Over the Christmas and New Year break, I finishing reading Till Time’s Last Sand, British historian David Kynaston’s masterful history of the Bank of England, covering its first 320 years since its establishment in 1694, when incidentally it became the second central bank in the world, as Sweden’s was established over two decades earlier. Hat tip to Nicholas Gruen who tweeted on central banks recently: https://twitter.com/NGruen1/status/947352667512119296.
The book covers the bank’s origin as the banker to the British Government and its evolution into “a great engine of state”, as Adam Smith described it. During its long history, the bank has helped the British Government finance its budget in peace and wartime, and it also helped finance colonial development, including that of Queensland’s in the 19th century. The book tells the story of, among other pivotal events, the bank’s nationalisation in 1946, its experiments with monetarism in the 1970s and 1980s, its eventual independence to fight inflation on its on terms, and its controversial response to the financial crisis. It is a comprehensive history, with a wealth of fascinating information including, for example, the attempted shooting in 1903 of Bank Secretary Kenneth Grahame, who later wrote The Wind in the Willows.
The book contains a brief but interesting reference to Queensland. In the 19th century the Bank of England managed the Queensland Government’s borrowings from the London market, and in the late 1880s it became very concerned about Queensland’s rapidly growing public debt, which it was finding increasingly difficult to market. In 1888, the bank’s Governor Sir Mark Collett told the Queensland Government representative in London that he should advise the state government it needed to reduce its borrowing requirement. Certainly, Queensland’s public finances were in a parlous state at the time. In his biography of Sir Thomas McIlwraith, The Queensland Caesar, former Queensland Attorney-General Denver Beanland noted that, by 1890, Queensland had the highest public debt in the British Empire, at around £70 per capita, compared with Canada’s £12 per capita, for example.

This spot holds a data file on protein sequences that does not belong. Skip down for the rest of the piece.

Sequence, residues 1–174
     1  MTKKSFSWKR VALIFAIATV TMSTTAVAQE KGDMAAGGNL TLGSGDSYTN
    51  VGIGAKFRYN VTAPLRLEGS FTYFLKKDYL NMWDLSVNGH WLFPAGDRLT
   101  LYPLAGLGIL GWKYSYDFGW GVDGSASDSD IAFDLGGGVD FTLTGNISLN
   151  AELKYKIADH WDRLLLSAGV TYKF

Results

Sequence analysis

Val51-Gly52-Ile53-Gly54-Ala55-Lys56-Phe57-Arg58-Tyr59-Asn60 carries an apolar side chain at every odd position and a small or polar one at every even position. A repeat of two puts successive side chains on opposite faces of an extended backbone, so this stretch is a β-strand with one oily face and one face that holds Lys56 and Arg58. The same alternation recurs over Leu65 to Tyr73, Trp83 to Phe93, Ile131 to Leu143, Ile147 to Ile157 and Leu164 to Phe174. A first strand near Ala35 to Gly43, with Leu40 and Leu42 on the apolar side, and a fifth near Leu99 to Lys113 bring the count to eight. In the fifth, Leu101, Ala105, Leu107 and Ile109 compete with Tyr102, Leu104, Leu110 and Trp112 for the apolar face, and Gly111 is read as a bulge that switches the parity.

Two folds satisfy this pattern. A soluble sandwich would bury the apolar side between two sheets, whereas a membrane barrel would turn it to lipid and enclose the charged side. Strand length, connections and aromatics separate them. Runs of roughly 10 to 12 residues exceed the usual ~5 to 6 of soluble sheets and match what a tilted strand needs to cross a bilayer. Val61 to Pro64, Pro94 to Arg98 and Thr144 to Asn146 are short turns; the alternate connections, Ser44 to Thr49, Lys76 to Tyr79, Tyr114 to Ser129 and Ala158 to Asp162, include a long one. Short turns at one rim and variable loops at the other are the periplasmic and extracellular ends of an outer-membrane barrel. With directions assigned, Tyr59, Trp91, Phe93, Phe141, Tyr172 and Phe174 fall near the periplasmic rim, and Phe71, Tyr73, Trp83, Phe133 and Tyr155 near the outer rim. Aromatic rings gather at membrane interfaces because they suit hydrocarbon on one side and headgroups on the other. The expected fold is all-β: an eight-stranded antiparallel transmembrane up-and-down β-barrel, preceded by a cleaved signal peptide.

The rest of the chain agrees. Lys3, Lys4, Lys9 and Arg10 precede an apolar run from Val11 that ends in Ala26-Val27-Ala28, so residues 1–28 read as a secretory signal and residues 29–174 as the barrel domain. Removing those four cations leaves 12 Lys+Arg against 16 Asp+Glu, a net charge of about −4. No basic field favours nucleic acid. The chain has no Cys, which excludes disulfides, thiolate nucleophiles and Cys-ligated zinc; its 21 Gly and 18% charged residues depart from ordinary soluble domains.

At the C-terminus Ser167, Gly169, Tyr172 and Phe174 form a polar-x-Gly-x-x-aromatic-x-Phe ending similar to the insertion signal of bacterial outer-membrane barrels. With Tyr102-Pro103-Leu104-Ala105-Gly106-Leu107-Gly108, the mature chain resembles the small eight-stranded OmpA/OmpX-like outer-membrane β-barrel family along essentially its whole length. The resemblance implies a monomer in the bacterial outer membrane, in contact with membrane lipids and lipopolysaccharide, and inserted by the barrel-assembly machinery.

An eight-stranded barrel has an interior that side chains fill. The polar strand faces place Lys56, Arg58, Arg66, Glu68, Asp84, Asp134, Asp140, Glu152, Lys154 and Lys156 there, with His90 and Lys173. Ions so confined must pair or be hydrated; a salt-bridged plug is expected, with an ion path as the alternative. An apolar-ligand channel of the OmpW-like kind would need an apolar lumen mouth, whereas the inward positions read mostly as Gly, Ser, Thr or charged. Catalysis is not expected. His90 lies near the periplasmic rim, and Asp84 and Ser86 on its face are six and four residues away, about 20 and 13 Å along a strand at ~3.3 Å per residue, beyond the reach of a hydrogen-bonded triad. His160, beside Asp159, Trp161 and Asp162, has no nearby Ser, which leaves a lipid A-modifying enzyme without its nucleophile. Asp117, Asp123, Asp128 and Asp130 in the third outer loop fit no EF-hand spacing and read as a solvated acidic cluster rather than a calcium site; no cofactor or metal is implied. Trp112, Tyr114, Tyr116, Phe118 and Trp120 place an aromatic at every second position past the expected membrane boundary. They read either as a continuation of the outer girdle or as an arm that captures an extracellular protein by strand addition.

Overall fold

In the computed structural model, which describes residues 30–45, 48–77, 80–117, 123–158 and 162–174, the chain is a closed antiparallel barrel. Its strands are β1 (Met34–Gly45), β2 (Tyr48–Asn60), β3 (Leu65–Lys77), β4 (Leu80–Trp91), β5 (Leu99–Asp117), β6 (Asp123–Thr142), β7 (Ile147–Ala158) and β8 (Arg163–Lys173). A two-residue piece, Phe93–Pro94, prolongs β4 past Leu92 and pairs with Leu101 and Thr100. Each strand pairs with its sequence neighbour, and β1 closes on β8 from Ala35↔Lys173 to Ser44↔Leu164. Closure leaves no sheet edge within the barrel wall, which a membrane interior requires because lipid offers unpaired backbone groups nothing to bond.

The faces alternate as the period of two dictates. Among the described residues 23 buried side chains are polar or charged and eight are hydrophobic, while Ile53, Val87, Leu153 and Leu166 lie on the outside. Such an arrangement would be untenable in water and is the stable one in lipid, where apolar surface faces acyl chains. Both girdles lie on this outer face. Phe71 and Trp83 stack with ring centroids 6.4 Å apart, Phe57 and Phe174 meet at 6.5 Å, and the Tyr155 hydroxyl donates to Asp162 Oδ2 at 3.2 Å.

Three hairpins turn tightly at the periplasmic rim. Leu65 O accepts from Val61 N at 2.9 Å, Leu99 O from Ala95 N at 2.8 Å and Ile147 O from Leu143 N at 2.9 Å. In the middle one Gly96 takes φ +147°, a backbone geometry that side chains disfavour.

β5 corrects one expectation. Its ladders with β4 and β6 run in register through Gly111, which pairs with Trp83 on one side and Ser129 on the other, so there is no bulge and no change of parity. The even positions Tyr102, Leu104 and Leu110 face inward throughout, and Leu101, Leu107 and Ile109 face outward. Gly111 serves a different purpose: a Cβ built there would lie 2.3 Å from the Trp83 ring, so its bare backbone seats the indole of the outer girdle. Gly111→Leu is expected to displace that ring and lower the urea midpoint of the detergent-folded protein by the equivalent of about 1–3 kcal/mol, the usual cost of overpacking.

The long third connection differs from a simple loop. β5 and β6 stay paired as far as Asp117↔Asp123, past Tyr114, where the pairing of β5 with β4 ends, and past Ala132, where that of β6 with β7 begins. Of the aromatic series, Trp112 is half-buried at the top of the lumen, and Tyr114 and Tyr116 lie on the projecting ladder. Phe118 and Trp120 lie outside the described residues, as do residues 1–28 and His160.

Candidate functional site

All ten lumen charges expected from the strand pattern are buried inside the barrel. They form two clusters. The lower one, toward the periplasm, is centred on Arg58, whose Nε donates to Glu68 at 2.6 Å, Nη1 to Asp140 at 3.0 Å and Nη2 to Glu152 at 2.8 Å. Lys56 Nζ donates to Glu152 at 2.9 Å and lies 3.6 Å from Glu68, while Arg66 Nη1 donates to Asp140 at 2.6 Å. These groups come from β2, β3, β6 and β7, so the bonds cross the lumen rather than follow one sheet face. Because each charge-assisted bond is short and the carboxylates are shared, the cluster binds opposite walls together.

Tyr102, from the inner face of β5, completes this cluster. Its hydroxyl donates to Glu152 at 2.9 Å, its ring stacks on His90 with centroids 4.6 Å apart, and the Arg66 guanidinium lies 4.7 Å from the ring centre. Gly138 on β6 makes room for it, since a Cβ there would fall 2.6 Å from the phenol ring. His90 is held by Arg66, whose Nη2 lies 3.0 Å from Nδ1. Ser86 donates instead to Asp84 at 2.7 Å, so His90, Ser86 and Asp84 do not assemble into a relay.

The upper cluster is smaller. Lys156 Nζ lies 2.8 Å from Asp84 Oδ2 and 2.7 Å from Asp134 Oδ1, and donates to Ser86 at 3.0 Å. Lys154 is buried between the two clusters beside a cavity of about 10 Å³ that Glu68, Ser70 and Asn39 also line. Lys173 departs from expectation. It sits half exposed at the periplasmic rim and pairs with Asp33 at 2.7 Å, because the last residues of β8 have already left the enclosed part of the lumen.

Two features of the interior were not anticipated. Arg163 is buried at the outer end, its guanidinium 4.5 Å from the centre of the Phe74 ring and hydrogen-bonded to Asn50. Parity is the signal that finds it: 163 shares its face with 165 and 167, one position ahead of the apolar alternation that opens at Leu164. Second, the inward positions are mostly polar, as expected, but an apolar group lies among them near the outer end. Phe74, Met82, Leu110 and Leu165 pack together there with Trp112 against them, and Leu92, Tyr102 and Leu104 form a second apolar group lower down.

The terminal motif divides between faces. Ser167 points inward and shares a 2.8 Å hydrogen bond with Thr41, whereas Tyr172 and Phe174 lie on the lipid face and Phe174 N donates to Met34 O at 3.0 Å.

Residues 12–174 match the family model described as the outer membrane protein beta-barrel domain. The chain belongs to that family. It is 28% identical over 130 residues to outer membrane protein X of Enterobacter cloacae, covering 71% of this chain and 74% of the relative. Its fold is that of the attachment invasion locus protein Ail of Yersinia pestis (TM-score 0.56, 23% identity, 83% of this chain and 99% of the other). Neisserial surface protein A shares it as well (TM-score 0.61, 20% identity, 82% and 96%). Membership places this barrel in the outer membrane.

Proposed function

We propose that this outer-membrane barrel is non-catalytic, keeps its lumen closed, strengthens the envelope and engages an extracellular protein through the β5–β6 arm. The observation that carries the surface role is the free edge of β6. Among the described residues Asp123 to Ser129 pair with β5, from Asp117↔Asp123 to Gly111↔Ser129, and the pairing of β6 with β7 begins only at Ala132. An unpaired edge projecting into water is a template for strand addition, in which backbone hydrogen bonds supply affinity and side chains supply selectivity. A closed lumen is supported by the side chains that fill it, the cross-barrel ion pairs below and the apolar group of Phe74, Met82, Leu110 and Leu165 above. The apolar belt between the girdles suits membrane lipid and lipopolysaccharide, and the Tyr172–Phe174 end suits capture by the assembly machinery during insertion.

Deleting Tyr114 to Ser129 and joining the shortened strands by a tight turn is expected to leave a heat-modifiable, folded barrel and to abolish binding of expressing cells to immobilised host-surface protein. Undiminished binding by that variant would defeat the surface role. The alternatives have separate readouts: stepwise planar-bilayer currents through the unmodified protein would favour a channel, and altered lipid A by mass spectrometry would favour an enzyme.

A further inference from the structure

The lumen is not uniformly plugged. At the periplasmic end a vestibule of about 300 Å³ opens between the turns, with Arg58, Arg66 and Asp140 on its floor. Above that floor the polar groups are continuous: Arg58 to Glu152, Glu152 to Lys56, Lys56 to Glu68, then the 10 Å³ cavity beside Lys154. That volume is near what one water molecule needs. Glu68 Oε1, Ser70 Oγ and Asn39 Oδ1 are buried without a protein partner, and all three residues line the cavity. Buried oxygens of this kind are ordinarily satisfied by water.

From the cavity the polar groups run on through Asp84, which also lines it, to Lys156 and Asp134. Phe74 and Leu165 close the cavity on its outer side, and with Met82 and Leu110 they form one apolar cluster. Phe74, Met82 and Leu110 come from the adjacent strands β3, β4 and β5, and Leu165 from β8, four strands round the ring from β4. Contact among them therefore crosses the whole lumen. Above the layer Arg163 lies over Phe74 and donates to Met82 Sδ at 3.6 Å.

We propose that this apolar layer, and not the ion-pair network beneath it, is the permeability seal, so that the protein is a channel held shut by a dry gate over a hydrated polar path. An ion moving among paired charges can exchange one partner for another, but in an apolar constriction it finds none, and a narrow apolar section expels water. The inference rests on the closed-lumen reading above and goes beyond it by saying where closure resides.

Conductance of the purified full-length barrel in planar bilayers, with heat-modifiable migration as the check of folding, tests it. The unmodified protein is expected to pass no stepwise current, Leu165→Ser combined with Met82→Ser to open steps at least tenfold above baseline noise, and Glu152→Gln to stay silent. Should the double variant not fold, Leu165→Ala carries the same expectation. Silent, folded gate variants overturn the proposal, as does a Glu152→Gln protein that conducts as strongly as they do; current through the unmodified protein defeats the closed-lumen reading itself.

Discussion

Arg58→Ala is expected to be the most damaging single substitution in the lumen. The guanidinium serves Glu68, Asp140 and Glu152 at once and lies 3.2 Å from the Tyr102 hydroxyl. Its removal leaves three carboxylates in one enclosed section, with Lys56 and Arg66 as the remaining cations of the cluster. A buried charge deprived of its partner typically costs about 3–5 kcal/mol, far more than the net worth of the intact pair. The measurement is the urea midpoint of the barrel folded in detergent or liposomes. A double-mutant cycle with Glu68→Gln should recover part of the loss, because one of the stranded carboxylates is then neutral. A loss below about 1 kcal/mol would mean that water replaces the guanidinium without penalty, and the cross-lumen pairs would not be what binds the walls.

The book contains many interesting stories about the bank’s employees, their day-to-day work, and how they came into the bank. For much of its history, the old boys network and family connections were relevant, and apparently proficiency in cricket was highly desirable. Kynaston is excellent when it comes to the human dimension, if not the economic dimension, which I’ll come to below. His description of the bank’s legendary governor of the first half of the twentieth century, Montagu Norman, is excellent. Norman is presented warts and all. With Norman, the facts speak for themselves. Norman’s extraordinarily poor judgment was demonstrated by his advocacy for Britain’s disastrous return to the gold standard in 1925, his unauthorised visit to Nazi Germany in early 1939, and the bank’s transfer of gold belonging to the Czechoslovak National Bank to the Reichsbank, after Nazi Germany’s invasion of Czechoslovakia in March 1939, just six months before the start of the war (see this BBC report).
As noted in a highly critical Guardian review of the book (Till Time’s Last Sand review – a bloodless history of the Bank of England), Kynaston tends not to include much of his own emotion or opinion in the book. This is most apparent in his discussion of recent bank history, and he could be accused of going soft on former Governor Mervyn King, who incidentally had requested the author to write the history. You may recall King was heavily criticised for the bank’s role prior to and in the early days of the financial crisis from many commentators, including a former member of the bank’s own Monetary Policy Committee David Blanchflower (see this BBC Report for example). The bank King led was accused of failing to understand the full magnitude of the risks to the financial system and the wider economy that started appearing in the second half of 2007. Kynaston notes the criticism that was made of King at the time, but his own opinion is unclear.
Perhaps Kyanston felt unqualified to offer opinions on economic issues, not being an economist. Robert Skidelsky made a similar comment in his review of Kynaston’s book. While I would have liked the book to discuss important contemporary issues in central banking, such as the debate over inflation versus nominal GDP targeting or the implications of cryptocurrencies such as Bitcoin, I can understand the author was not well placed to provide this commentary. Overall, this is an outstanding history of an incredibly important institution, and I can highly recommend it to readers interested in economics, banking or British history.
Thanks for this Gene,
I find Carolyn Sissoko’s blog on the history of British banking fascinating and very enlightening. It’s also frustrating because all that knowledge isn’t being used in a very constructive way to consider how we should shape the architecture of modern banking. She just argues that the current approach in which most banking assets are collateralised is crowding out the trade creation of cash flow banking. An important topic, but since it’s less than 15% of bank assets, I don’t want that tail to wag the dog of the rest of banking.
Thanks NG. Her blog is extremely interesting. I hadn’t seen it before. Cheers for pointing it out.
On Fri, Jan 5, 2018 at 12:49 PM, Queensland Economy Watch wrote: